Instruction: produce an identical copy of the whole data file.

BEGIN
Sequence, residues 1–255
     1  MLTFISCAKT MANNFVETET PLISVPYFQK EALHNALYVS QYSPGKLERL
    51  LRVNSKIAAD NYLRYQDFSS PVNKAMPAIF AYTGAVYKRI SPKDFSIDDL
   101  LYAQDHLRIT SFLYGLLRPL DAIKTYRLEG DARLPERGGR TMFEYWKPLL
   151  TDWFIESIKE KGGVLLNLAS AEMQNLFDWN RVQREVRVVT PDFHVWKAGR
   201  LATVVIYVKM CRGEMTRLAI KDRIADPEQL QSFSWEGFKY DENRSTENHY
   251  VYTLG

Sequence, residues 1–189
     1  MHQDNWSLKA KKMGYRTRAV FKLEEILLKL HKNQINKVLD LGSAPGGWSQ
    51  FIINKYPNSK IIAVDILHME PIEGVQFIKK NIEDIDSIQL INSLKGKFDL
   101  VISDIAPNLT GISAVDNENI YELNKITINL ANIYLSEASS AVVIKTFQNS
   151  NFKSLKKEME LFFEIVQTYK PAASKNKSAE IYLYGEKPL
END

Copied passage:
Sequence, residues 1–255
     1  MLTFISCAKT MANNFVETET PLISVPYFQK EALHNALYVS QYSPGKLERL
    51  LRVNSKIAAD NYLRYQDFSS PVNKAMPAIF AYTGAVYKRI SPKDFSIDDL
   101  LYAQDHLRIT SFLYGLLRPL DAIKTYRLEG DARLPERGGR TMFEYWKPLL
   151  TDWFIESIKE KGGVLLNLAS AEMQNLFDWN RVQREVRVVT PDFHVWKAGR
   201  LATVVIYVKM CRGEMTRLAI KDRIADPEQL QSFSWEGFKY DENRSTENHY
   251  VYTLG

Sequence, residues 1–189
     1  MHQDNWSLKA KKMGYRTRAV FKLEEILLKL HKNQINKVLD LGSAPGGWSQ
    51  FIINKYPNSK IIAVDILHME PIEGVQFIKK NIEDIDSIQL INSLKGKFDL
   101  VISDIAPNLT GISAVDNENI YELNKITINL ANIYLSEASS AVVIKTFQNS
   151  NFKSLKKEME LFFEIVQTYK PAASKNKSAE IYLYGEKPL